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Assemblyman Bloom Disappointed in Council's Decision to Ax Hines Project

"he City Council killed a project, seven years in the making, that would have brought significant community benefits to Santa Monica, not the least of which are badly needed housing stock," he said.

The Hines project. From a Santa Monica planning staff’s PowerPoint presentation.
The Hines project. From a Santa Monica planning staff’s PowerPoint presentation.
Assemblyman Richard Bloom today expressed frustration with the Santa Monica City Council for axing Tuesday the so-called Hines project, a 65,000-square-foot residential, office and retail development near the coming Expo Line.

Also known as  Bergamot Transit Village  project, it would have been a mix of uses, including live/work units, 374,423 square feet of retail and office space, new streets, sidewalks, a park, and 1,936 underground parking spaces.

Residents call the nixing a victory. Bloom, D-Santa Monica, disagrees.

Here's what Bloom had to say: 

“I am disappointed by the decision made by the Santa Monica City Council last night. The referendum process exists to give not just some, but all voters an opportunity to debate and be heard. The City Council flatly denied voters that opportunity. In the process, the City Council killed a project, seven years in the making, that would have brought significant community benefits to Santa Monica, not the least of which are badly needed housing stock, including deed restricted affordable housing. 

“Resident concerns about traffic are legitimate subject for debate. In fact, the Hines project embodied the most aggressive traffic reduction strategies the city - indeed, most cities - have ever seen and that would have been a model for other projects. 

“I am proud of the three Councilmembers who refused to "take the bait" and endeavored to protect every voter's right to have a voice - as the Petition gatherers had promised. Regrettably, fear-mongering, misinformation and even bullying around development issues in Santa Monica are reflected in the decision to kill this project and have left our city with a black eye.”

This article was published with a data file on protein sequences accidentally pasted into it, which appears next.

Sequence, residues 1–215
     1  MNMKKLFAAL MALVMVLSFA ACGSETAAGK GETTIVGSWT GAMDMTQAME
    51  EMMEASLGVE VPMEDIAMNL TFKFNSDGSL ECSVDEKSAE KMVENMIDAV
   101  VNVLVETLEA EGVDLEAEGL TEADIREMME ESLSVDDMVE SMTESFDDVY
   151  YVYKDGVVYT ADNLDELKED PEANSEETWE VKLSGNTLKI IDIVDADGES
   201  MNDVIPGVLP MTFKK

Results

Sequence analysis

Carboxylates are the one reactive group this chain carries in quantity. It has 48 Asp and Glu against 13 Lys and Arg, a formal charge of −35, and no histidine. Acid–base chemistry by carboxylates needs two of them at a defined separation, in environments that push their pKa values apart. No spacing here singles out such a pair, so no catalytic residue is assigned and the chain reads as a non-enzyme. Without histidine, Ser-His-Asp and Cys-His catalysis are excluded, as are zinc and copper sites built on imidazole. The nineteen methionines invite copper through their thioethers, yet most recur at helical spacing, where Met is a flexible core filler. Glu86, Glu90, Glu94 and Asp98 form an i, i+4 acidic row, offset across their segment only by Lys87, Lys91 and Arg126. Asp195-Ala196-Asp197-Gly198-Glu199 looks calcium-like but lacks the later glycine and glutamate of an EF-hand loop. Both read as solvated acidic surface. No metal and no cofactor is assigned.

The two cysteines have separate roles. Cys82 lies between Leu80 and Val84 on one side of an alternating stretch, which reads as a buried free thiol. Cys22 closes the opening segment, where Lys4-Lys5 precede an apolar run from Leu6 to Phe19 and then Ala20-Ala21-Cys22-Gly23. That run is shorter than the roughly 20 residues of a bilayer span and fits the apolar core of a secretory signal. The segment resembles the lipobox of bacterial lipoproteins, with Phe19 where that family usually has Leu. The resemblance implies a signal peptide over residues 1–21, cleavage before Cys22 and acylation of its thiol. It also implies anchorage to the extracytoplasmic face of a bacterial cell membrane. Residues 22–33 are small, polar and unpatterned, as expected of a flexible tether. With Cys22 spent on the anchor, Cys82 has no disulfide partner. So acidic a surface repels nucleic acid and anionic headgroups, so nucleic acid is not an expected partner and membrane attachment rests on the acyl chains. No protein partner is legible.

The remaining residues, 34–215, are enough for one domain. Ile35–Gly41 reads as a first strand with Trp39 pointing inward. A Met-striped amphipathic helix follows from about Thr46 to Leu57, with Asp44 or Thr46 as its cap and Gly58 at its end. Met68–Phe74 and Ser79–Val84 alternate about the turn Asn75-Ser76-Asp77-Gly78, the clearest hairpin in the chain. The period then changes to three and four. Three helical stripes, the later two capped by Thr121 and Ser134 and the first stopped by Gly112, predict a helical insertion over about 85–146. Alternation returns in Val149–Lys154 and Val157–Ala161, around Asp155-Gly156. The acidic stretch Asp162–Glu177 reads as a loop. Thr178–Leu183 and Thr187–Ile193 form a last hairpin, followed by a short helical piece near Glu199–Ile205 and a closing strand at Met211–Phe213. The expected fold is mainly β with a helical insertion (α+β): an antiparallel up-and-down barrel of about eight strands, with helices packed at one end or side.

DO YOU SEE HIS POINT? TELL US IN THE COMMENTS.


J Edward Tipre May 15, 2014 at 09:58 PM
It took 100 years to build Santa Monica. The decision stands as a benchmark achievement that could only occur in a municipal setting these days. Still, too much had been approved already (3 million sq feet) which will provide to the city a solid commercial tax base good for the city's bond rating but the despoiling of what was once a calm and affordable beach town for young apartment dwellers and middle class homeowners. We'll see what happens over the next decade with tighter credit markets. This kind of growth should slow. Certainly time to slow down and take a breath.
Tom hays May 16, 2014 at 12:30 AM
It is hard to argue against letting the voters have a say.
Douglas Fay May 16, 2014 at 09:57 AM
On the California Coastal Commission and Santa Monica Bay Restoration Commission Richard Bloom did nothing significant to restore and enhance the Santa Monica Bay, wasting millions of taxpayer dollars on endless studies and projects that are fruitless. As our mayor he approved every growth and traffic inducing project that came before him, several that are undeveloped or under construction that will further impact traffic, parking and overall quality of life when buildout occurs. Thank you Residocracy supporters. You have values that I will bring to the table if elected LA County 3rd District Supervisor. Together, Doug Fay

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